Natasha Porter is founder and CEO of Unlocked Graduates, a unique two-year leadership development programme aimed at training graduates to become inspirational and supportive leaders through work as prison officers. She has extensive experience in education, as founding teacher of  King Solomon Academy, at think tank Policy Exchange, and also the Department for Education. Natasha is also a founding governor of One Degree Academy.

Can you tell us a little about the Unlocked Graduate Programme?

Unlocked Graduates  is a two-year leadership graduate scheme specifically aimed at encouraging the brightest and the best graduates to become prison officers - similar to what the Teach First programme offers  graduates interested in becoming teachers. Our participants will be asked to focus on breaking cycles of re-offending and giving second chances to those who lacked opportunities earlier in life as part of a master’s degree all while taking on the full duties of a frontline prison officer.  This report from the BBC who visited some of our participants during their training at HMP Coldingley gives a great summary.

What motivated you to start the programme?

The programme grew out of a recommendation in the Coates Review of prison education. Prison has a really poor record of reducing re-offending – nearly half of adults are reconvicted within one year of release, and for those serving sentences of less than 12 months this increases to 60 per cent. I started Unlocked Graduates in the belief that reoffending is a problem which can be solved. We want to bring in a generation of frontline prison officers who believe that too and have the tools to change lives.  They will not only make a huge difference in the lives of prisoners but kick-start an incredible career for themselves!

My ambition is to redefine what people believe is possible for prisoners. Unlocked is built on the belief that people can change and other people are the best method to help them do so. Importantly, this is an issue of social justice: prisoners are not a cross section of society, they are too often those who have lacked opportunity throughout their lives. We want to make prisons a place which fixes that rather than making it worse.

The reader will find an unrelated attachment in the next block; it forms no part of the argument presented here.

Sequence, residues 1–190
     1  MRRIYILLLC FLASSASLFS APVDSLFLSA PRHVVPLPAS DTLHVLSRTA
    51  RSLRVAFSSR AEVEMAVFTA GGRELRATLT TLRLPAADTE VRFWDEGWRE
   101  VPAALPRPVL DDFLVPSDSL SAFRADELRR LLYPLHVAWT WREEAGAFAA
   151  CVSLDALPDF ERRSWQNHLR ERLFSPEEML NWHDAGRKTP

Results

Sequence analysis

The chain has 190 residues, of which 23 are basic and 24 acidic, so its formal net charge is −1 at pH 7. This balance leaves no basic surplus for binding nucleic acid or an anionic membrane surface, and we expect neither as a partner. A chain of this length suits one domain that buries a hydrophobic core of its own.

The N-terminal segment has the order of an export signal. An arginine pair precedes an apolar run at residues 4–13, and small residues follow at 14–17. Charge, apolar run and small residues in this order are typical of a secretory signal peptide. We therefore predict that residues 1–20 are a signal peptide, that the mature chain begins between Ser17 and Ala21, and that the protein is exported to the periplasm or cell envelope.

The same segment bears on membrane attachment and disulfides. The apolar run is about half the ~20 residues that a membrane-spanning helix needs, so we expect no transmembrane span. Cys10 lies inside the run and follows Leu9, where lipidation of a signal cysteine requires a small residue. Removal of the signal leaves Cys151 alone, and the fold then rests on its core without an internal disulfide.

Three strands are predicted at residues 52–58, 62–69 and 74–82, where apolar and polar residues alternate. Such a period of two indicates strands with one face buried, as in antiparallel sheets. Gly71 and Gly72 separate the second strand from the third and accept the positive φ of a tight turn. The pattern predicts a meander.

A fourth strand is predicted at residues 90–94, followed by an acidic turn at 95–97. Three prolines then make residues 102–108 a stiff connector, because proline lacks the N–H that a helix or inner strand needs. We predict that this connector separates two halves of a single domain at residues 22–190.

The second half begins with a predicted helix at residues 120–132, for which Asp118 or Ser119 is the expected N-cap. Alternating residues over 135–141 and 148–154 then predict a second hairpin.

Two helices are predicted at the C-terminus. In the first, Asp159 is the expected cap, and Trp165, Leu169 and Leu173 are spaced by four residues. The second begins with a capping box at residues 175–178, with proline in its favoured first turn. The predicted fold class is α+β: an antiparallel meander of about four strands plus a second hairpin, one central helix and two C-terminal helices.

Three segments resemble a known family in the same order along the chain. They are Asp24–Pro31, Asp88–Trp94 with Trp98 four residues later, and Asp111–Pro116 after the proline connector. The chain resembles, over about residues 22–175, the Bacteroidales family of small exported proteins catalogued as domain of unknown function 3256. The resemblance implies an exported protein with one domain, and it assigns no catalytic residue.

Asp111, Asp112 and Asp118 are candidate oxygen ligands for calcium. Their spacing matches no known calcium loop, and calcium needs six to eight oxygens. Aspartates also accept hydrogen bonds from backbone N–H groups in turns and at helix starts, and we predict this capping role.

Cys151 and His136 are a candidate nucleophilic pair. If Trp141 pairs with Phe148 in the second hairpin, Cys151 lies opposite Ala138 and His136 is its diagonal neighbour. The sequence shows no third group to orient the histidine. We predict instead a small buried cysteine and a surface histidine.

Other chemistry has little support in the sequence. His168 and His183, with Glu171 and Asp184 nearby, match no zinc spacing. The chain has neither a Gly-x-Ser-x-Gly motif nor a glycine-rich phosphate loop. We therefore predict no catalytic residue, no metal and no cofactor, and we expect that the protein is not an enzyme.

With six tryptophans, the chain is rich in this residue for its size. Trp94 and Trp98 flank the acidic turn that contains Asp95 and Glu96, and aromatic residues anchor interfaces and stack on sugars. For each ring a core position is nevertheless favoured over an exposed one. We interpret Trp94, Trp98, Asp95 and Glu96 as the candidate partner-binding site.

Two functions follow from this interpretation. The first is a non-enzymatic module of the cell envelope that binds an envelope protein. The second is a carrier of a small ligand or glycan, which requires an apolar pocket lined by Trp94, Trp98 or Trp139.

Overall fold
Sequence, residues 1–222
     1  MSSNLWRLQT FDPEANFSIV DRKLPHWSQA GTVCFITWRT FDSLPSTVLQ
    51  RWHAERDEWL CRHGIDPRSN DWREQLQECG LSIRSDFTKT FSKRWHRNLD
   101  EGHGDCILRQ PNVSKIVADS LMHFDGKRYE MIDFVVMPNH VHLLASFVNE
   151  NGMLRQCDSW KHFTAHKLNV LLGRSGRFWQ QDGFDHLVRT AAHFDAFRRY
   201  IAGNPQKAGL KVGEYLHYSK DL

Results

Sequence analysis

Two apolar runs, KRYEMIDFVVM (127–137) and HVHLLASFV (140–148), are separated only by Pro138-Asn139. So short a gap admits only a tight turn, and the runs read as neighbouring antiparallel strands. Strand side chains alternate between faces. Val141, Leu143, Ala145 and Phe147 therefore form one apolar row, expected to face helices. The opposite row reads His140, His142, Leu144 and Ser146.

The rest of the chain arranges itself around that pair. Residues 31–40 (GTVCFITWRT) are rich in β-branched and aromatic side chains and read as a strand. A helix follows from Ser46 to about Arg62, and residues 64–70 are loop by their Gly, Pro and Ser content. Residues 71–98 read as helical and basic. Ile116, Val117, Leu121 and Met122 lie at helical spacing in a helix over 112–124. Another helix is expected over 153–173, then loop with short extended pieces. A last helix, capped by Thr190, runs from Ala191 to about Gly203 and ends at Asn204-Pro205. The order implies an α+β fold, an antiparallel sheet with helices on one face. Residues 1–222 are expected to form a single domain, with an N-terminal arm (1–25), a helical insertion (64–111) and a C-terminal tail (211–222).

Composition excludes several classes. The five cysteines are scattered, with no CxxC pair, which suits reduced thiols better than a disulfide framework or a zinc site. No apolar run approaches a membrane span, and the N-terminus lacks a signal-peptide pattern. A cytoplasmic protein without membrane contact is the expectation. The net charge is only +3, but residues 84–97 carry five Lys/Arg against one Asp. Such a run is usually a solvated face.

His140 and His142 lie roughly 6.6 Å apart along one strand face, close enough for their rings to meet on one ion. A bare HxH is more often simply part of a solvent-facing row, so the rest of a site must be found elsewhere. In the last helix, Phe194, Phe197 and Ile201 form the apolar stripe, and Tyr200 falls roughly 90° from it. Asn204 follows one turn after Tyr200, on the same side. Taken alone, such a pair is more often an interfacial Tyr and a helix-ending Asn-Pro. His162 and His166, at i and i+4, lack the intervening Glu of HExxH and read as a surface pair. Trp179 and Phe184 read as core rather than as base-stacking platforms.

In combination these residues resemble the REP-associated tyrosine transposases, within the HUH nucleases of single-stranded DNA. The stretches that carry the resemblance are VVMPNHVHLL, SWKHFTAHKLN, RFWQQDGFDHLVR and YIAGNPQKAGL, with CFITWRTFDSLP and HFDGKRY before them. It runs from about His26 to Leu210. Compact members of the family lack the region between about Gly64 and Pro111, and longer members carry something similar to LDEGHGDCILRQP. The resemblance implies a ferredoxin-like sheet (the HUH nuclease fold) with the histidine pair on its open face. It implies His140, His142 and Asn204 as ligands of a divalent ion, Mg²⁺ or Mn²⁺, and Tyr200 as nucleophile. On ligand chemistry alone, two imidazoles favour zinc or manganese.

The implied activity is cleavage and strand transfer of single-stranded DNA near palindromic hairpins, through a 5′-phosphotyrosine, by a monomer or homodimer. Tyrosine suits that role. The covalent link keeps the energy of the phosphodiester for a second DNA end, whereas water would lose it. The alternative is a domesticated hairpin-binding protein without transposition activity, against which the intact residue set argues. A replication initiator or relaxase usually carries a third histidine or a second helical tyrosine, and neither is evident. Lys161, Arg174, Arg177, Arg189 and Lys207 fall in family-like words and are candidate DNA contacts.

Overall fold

How do you measure the impact of Unlocked?

We are in the business of changing lives and that is where our impact will be seen. Our participants are on the frontline so teaching someone to read; helping someone rebuild relationships with their children; or even literally saving someone's life by talking them out of a suicide attempt will be just some of the ways they transform prisoners’ lives.

We are already seeing these things happening after our participants have been on the wings for just a month.  Long-term, we want to see rates of reoffending decreasing among prisoners who have worked with Unlocked Graduates and see ideas our participants have developed being adopted across the prison system. We also want to have a wider societal impact with Unlocked ‘Alumni’. Whether they continue working in prisons, move into corporate jobs or start their own organisations, they will bring with them an understanding of the importance of rehabilitation and employing ex-prisoners.

What are the main attributes you look for in applicants?

We don’t expect applicants to have any specific knowledge or experience of the prison service. Instead, we look at the potential to make an impact on prisoners’ lives. To assess this we look for a number of attributes including a sense of possibility, leadership potential; the ability to make decisions in high pressure situations; the ability to build relationships with people from all walks of life; resilience in the face of challenge; self-awareness and motivation for our vision to rehabilitate prisoners. We also need all applicants to have the right to work in the UK and, in terms of academic achievements, we ask for a minimum of a 2:1 degree.

Where do you hope to see the programme in 5 years?

I want us to be changing more and more people's lives, including children who are in prison. We believe that people can change, even those that the rest of society has given up on, and  we want prisons to become places which help people turn around their behaviour. This in turn means fewer victims of crime and a safer place for us all to live.

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